The International Education Association of Australia (IEAA) is developing a carbon-neutral policy in response to the nation’s most dire bushfire disaster to date.
As experts across various industries met in Canberra last Wednesday to discuss the issue, the IEAA had already begun developing a joint statement and action plan. This effort involved international education representatives from all eight states and territories, as well as education and trade departments.
Speaking ahead of the crisis conference he chaired, Education Minister Dan Tehan said, “The federal government will work to fast track the support we can provide to the sector as a result of today’s meeting.”
“We will work with the sector to harness the many good ideas that will make a difference to the education and mental well-being of children in bushfire affected areas,” he assured.
In the past, the IEAA was responsible for creating the Council for International Education’s Collaborative Marketing Framework. The framework provides a guide to critical incident response and ensures the equal distribution of resources in times such as this.
IEAA chief executive Phil Honeywood, who led the creation of the Collaborative Marketing Framework, believes the bushfires call for greater attention and action on mitigating carbon footprint within the education sector.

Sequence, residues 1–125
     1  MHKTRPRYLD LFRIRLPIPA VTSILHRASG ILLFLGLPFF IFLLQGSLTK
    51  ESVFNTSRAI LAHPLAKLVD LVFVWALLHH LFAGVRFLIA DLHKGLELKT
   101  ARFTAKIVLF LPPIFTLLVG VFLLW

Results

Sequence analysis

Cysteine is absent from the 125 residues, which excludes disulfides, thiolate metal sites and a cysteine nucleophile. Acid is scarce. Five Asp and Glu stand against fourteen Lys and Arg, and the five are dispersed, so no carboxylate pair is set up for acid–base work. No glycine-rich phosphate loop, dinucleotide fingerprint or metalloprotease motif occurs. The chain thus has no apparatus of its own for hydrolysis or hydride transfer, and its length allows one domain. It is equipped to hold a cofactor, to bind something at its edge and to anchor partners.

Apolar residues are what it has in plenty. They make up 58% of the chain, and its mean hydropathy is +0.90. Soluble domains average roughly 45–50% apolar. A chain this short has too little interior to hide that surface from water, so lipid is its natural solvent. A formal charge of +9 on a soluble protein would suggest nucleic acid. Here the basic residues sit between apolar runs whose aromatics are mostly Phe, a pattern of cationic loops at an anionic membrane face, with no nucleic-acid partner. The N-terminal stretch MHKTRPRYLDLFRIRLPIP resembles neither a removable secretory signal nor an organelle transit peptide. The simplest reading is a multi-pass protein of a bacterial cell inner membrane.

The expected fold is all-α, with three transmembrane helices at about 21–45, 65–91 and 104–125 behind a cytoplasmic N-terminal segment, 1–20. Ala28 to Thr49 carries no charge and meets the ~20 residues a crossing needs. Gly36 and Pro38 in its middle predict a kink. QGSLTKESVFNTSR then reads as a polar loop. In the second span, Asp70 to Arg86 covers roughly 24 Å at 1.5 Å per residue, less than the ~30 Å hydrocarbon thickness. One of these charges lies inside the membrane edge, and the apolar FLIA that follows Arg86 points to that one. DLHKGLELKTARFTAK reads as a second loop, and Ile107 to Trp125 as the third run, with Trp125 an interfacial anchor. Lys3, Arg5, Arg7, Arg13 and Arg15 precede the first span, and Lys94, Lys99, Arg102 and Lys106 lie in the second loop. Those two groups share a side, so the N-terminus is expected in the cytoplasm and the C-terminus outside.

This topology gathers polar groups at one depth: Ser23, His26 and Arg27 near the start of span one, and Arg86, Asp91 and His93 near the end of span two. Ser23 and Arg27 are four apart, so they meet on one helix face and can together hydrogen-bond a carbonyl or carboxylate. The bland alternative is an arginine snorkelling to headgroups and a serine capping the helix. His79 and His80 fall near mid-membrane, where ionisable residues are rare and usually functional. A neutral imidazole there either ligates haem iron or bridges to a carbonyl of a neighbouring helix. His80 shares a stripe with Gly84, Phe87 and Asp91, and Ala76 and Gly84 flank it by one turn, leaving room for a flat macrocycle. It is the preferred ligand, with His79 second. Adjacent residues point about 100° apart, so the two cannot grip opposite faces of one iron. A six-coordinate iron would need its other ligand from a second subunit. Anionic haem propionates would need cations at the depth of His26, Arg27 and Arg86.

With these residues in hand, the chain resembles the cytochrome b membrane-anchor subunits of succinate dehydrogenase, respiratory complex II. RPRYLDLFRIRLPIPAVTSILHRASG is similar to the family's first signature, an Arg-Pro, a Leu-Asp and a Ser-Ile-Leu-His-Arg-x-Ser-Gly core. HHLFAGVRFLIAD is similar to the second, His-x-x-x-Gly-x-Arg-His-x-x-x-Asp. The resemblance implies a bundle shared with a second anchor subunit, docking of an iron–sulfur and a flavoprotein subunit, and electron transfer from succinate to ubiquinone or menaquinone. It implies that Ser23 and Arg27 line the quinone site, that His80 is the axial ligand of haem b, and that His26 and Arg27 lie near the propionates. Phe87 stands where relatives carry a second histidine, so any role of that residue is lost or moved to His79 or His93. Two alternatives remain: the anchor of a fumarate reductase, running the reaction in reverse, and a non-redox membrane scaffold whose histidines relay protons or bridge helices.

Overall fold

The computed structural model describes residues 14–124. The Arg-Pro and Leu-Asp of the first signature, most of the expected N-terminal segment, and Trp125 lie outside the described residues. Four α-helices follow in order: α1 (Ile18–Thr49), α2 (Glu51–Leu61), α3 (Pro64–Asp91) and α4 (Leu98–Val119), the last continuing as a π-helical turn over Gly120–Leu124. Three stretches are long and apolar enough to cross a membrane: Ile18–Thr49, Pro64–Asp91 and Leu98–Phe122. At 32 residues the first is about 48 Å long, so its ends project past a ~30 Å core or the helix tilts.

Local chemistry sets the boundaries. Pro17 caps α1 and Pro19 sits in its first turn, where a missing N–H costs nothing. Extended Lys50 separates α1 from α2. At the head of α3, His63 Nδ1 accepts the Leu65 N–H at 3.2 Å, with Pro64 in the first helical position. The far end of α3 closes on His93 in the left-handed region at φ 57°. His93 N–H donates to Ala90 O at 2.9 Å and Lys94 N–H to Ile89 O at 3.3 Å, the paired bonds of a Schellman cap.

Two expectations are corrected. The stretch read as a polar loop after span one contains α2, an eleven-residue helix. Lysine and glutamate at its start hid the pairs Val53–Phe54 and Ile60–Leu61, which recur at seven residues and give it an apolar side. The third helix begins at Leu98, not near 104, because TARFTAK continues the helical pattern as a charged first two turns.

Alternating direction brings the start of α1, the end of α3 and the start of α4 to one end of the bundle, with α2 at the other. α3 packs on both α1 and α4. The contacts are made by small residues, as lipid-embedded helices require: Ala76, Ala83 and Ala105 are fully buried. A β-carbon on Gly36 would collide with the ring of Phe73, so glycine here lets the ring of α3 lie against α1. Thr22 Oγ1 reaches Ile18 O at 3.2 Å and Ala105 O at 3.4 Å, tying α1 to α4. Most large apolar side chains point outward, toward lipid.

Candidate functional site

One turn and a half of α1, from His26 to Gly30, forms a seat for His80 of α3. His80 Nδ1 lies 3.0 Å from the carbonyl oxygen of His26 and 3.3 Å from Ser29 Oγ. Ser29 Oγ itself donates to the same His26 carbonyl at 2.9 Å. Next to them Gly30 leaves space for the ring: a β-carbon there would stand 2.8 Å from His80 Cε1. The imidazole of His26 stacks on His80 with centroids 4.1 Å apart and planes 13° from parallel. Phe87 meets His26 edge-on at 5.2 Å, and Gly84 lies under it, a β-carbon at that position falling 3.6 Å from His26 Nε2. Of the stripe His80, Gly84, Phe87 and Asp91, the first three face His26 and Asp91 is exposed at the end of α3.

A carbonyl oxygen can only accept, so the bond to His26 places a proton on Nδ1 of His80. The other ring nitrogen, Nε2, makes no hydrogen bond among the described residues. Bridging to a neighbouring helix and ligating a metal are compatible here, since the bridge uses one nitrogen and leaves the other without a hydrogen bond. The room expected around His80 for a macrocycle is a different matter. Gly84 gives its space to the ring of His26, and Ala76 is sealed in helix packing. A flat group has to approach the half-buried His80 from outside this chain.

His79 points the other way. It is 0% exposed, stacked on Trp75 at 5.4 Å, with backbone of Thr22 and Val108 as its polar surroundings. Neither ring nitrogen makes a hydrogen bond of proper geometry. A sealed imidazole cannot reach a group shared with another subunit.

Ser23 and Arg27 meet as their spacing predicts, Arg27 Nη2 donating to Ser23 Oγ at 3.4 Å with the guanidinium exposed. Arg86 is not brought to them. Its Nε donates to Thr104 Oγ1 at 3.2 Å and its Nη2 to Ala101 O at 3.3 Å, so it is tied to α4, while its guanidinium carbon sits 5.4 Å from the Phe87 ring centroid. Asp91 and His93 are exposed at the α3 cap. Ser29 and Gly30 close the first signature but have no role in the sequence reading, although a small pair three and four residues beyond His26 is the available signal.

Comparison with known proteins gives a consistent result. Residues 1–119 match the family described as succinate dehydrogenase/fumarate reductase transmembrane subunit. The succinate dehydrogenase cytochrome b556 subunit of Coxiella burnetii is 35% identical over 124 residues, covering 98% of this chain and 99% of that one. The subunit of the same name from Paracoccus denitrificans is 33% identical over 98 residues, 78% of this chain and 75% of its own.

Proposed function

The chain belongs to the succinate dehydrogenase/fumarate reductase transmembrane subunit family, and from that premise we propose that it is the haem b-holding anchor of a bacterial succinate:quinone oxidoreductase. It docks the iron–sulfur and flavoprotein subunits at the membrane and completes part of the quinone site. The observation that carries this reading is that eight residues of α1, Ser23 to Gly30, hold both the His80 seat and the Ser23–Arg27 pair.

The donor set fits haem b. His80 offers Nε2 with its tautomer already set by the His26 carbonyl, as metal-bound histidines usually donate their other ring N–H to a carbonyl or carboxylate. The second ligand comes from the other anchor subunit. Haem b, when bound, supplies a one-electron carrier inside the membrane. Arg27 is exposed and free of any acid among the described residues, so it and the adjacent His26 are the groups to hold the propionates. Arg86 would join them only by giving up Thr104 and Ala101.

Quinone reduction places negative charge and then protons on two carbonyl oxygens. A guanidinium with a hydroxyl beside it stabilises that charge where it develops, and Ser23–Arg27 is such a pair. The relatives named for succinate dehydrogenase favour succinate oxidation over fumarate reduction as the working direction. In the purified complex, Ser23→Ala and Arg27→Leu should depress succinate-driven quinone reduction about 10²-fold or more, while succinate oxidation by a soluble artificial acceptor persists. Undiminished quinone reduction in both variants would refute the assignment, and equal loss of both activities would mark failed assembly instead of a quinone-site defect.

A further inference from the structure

Among his suggestions are encouraging webinars and teleconferences instead of travelling across borders for work. If a flight is necessary, the least that can be done is donating towards tree replanting efforts.
Honeywood also indicated that the policy developed in this regard is expected to be approved by the end of February 2020.
We’re doubling bushfire disaster recovery payments for children, as part of the $58m package announced today to support families and communities affected by the ongoing bushfire disaster https://t.co/VFJ1tpNeOw
— Scott Morrison (@ScottMorrisonMP) January 15, 2020
Academic institutions step up
International education representatives expressed views and ideas on the most pressing matters in light of this national crisis, including health, safety, and stability of school communities as well as the impact on academic research.
Caroline Perkins, executive director of the Regional Universities Network, said research on ecosystems located within the area affected by the bushfire would inevitably be harmed. She called for special considerations for affected researchers, in hopes to mitigate the ruinous impact on their studies.
This series of Australian bushfires has been raging across 10 million hectares since June 2019 and only began to alleviate this week with the help of downpour in affected areas. For comparison, England’s entire land area is 13 million hectares.
The fires are predicted to continue blazing until March.
Throughout this climate disaster, several Australian universities have stepped up to provide crisis accommodation for firefighters and evacuees while serving as fundraising centres for relief efforts. This includes the University of Wollongong (Batemans Bay and Bega campuses) and Charles Sturt University.
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